Are Airline Complaints Worth Escalating To The Better Business Bureau?

The answer to this post’s title is, surprisingly, the same as the answer to the question, “What is America’s best-selling brand of adult diapers?” (Depends.)

If you’re dissatisfied with a travel experience, naturally your first line of defense is complaining to the company responsible for the issue. But if their response is unsatisfactory, or if they don’t respond at all, you have some options.

Depending on the circumstances, you could dispute the charge with your credit card company, file a complaint with a government agency (like a state attorney general’s office, the Federal Trade Commission, the Federal Aviation Administration, etc.), or try the Better Business Bureau.

I’ll file a complaint with the BBB if I haven’t had any luck resolving the issue with the company (I would say I’ve filed about one complaint a year for the past five years or so). I’ve usually had really good results this way, but once or twice companies have ignored my BBB complaints (Uber, I’m looking at you).

Some things to keep in mind about the Better Business Bureau:

  • They basically act as an intermediary between you and the business – you should complain to the BBB only after trying to resolve your issue with the company itself.
  • They’re divided into regional offices, and your complaint is handled by the office that services the region in which the business you’re complaining about is located.
  • They only handle complaints for companies with offices in the United States. However, plenty of foreign companies do maintain offices in the U.S.
  • They review your complaint, forward it to the business, and then give them a certain period of time to respond to your issue. If the business doesn’t respond, the BBB closes your case.
  • There is nothing compelling a business to respond to a BBB complaint, aside from the fact that companies that regularly fail to respond typically earn a failing rating from the BBB. (There are a few other elements that also factor into the BBB’s rating of a business, such as advertising issues and transparent business practices.)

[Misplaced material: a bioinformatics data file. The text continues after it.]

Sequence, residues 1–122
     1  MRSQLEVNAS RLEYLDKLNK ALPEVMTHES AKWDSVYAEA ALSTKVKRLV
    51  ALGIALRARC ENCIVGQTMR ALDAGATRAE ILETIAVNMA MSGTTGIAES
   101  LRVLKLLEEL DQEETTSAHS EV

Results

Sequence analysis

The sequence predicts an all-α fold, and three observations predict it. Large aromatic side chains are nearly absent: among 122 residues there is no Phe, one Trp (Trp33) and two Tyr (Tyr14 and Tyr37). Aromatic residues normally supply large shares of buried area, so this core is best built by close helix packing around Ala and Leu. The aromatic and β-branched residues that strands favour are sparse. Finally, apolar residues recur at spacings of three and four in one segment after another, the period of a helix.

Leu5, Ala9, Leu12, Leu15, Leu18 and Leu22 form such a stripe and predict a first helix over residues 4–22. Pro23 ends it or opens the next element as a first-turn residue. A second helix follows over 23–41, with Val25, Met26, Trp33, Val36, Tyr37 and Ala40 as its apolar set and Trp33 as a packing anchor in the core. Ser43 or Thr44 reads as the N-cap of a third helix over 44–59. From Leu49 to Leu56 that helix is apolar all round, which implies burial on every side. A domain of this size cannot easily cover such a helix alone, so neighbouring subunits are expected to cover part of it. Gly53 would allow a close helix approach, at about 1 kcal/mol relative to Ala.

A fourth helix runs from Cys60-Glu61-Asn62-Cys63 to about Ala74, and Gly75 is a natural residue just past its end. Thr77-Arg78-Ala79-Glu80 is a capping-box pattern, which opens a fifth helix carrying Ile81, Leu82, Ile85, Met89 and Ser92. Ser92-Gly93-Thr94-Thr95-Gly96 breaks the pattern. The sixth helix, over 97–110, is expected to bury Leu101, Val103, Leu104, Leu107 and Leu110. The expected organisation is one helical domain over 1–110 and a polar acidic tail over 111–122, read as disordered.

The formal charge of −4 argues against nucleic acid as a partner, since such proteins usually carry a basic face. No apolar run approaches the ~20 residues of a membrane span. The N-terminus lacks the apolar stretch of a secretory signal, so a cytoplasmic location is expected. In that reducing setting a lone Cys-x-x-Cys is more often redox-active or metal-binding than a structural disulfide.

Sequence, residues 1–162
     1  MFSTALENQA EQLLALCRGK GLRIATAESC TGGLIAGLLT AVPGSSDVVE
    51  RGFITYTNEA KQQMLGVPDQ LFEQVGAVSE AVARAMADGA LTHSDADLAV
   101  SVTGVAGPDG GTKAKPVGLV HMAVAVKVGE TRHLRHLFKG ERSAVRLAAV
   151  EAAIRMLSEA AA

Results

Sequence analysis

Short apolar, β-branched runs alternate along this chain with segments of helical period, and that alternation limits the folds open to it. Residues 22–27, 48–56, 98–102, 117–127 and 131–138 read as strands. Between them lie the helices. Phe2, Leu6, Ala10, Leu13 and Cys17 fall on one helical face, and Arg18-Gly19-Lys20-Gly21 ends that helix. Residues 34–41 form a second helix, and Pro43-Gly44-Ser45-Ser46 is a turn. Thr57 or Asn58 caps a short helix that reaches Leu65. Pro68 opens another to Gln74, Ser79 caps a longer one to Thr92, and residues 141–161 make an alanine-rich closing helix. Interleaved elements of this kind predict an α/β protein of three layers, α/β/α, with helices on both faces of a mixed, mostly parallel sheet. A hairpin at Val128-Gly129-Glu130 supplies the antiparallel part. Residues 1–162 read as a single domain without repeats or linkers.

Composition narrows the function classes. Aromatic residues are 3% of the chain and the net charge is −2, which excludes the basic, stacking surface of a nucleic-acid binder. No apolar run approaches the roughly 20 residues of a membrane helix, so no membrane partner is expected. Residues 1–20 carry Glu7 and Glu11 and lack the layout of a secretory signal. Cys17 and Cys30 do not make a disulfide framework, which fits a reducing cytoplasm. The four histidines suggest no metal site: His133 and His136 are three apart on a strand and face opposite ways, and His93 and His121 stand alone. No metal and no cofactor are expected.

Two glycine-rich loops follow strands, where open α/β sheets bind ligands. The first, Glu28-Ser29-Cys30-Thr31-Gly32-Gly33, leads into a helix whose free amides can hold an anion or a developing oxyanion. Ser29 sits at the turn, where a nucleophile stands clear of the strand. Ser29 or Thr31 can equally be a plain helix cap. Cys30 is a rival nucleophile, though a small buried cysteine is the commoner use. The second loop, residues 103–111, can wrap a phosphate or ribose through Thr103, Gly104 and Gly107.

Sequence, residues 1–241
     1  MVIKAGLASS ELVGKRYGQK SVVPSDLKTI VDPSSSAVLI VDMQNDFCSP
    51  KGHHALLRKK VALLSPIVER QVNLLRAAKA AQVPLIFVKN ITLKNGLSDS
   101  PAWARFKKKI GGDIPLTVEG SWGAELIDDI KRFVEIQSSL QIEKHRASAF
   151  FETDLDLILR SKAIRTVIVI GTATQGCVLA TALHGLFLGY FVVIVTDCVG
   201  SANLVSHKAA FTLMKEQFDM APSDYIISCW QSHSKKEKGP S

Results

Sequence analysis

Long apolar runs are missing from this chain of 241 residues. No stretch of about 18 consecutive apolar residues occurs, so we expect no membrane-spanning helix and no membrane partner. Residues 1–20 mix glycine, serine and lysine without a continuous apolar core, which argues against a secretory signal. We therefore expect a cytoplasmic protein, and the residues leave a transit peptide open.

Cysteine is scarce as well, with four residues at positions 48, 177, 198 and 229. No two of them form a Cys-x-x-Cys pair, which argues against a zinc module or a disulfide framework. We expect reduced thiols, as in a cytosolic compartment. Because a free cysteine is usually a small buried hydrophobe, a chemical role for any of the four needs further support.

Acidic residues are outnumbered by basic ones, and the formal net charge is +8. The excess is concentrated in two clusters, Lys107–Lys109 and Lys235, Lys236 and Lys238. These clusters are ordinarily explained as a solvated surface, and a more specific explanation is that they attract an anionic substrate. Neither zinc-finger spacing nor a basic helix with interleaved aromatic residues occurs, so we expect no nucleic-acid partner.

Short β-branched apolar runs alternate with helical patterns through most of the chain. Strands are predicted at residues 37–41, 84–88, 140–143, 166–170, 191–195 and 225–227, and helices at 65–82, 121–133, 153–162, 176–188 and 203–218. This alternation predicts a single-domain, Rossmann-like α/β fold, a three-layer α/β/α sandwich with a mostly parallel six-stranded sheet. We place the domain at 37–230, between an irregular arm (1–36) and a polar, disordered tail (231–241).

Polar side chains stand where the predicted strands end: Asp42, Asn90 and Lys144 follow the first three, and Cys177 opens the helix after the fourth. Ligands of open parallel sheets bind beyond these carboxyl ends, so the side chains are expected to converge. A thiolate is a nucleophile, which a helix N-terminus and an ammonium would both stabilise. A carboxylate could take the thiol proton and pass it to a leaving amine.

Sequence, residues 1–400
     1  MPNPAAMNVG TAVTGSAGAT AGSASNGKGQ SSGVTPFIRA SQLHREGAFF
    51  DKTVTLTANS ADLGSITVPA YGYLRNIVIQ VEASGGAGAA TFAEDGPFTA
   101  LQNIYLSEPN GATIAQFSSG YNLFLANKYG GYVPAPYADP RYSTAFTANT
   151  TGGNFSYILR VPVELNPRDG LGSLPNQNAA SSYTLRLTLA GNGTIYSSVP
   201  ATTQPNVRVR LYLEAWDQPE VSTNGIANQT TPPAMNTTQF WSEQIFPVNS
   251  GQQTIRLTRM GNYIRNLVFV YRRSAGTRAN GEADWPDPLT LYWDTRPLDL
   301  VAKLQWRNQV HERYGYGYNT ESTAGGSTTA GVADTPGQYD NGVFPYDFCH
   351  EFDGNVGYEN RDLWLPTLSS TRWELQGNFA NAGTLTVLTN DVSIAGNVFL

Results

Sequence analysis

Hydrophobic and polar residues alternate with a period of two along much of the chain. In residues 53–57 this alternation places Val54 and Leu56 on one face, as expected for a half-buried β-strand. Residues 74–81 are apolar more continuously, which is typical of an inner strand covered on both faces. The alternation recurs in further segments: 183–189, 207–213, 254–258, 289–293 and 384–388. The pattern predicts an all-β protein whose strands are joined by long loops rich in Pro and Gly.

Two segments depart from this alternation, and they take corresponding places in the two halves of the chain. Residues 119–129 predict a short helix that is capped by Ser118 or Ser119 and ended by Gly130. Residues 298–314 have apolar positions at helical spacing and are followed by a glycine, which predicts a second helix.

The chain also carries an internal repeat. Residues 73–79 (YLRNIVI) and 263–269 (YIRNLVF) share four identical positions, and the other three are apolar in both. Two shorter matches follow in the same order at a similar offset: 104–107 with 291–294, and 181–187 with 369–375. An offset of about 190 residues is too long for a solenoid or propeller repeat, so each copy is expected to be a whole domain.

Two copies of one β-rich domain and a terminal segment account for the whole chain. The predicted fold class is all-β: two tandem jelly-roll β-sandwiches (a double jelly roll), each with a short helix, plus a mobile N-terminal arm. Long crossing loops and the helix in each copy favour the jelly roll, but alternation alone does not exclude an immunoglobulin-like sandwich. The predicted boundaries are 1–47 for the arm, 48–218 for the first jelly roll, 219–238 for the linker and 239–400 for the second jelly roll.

Of the 3 biggest airlines in the U.S., interestingly, American earns an F from the Better Business Bureau, while Delta and United each earn an A+.

   

To me, this means you can expect prompt responses from Delta and United, while American might ghost you. Or, they may just take a really, really, really long time to review your complaint, as was the case for me.

My complaint

A little over two years ago, I had an issue with American. Long story short, I received a $500 voucher for them for volunteering to take a later flight (score!), and when I tried to mail it in to redeem it, they misplaced it. (There was a happy ending: after about three months, they found it and mailed it back to me.)

At the time, I got nowhere with American’s customer service, so I filed a BBB complaint. American did not respond to it.

Well, last week I received this e-mail:

This message is in regard to your complaint submitted on 7/30/2015 against American Airlines.

The business has sent the BBB a message regarding this complaint, and we are passing it on to you. The contents of this message are below or attached. All responses will be copied to the company. Please respond within 6 calendar days or the complaint will be closed as assumed resolved. The text of your response may be publicly posted on the BBB Web Site (BBB reserves the right to not post in accordance with BBB policy). Please do not include any personally identifiable information in your response. By submitting your complaint, you are representing that it is a truthful account of your experience with the business. BBB may edit your complaint to protect privacy rights and to remove inappropriate language.

MESSAGE FROM BUSINESS:

American Airlines has indicated that they’ve received your correspondence and have responded accordingly. Given that they’ve address your concern/question, they have since closed your file. If you need any further assistance from American, visit them at aa.com.

This makes me wonder if American is only now getting around to looking at complaints filed two years ago, or if maybe they’ve recently turned over a new leaf when it comes to responding to customers. Either way, it was amusing.

American, I’ve moved on with my life. You should too. It’s not healthy to be stuck in the past!

Have you tried using the Better Business Bureau to resolve a complaint with a travel company? How’d it go?

Comments

  1. File complaints with DOT, which in my view is very responsive. I filed one after Lufthansa never replied to my complaint about being totally unreachable during one of their regularly-scheduled wildcat strikes that suddenly saw me automatically rebooked on Delta with no way to get to my original destination. Lufthansa’s US Public Relations called me after DOT contacted them on my behalf.

    https://www.transportation.gov/airconsumer/file-consumer-complaint

    BBB in my view doesn’t have the big claws for stuff like this.